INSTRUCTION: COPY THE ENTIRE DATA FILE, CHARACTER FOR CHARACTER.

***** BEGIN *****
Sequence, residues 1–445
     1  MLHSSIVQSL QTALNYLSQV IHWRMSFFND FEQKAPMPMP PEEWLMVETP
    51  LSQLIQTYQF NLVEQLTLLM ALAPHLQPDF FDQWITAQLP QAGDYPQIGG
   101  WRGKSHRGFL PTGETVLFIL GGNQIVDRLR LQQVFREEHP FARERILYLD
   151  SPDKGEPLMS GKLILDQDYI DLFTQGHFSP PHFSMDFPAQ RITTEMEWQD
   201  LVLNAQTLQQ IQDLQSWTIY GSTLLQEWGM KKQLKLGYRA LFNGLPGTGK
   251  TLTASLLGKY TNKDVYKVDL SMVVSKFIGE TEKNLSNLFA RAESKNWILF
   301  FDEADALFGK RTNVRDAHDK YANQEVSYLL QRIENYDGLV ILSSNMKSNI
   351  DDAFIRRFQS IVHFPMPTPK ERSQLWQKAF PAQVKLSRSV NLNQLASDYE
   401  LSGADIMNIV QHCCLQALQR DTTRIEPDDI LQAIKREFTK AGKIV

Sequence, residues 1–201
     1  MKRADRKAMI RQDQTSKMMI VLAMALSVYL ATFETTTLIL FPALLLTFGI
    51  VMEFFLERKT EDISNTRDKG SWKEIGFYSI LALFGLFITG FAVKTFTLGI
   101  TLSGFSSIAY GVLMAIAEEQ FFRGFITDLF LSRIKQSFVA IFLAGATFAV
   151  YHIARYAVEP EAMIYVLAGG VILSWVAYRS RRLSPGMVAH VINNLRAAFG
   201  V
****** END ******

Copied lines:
Sequence, residues 1–445
     1  MLHSSIVQSL QTALNYLSQV IHWRMSFFND FEQKAPMPMP PEEWLMVETP
    51  LSQLIQTYQF NLVEQLTLLM ALAPHLQPDF FDQWITAQLP QAGDYPQIGG
   101  WRGKSHRGFL PTGETVLFIL GGNQIVDRLR LQQVFREEHP FARERILYLD
   151  SPDKGEPLMS GKLILDQDYI DLFTQGHFSP PHFSMDFPAQ RITTEMEWQD
   201  LVLNAQTLQQ IQDLQSWTIY GSTLLQEWGM KKQLKLGYRA LFNGLPGTGK
   251  TLTASLLGKY TNKDVYKVDL SMVVSKFIGE TEKNLSNLFA RAESKNWILF
   301  FDEADALFGK RTNVRDAHDK YANQEVSYLL QRIENYDGLV ILSSNMKSNI
   351  DDAFIRRFQS IVHFPMPTPK ERSQLWQKAF PAQVKLSRSV NLNQLASDYE
   401  LSGADIMNIV QHCCLQALQR DTTRIEPDDI LQAIKREFTK AGKIV

Sequence, residues 1–201
     1  MKRADRKAMI RQDQTSKMMI VLAMALSVYL ATFETTTLIL FPALLLTFGI
    51  VMEFFLERKT EDISNTRDKG SWKEIGFYSI LALFGLFITG FAVKTFTLGI
   101  TLSGFSSIAY GVLMAIAEEQ FFRGFITDLF LSRIKQSFVA IFLAGATFAV
   151  YHIARYAVEP EAMIYVLAGG VILSWVAYRS RRLSPGMVAH VINNLRAAFG
   201  V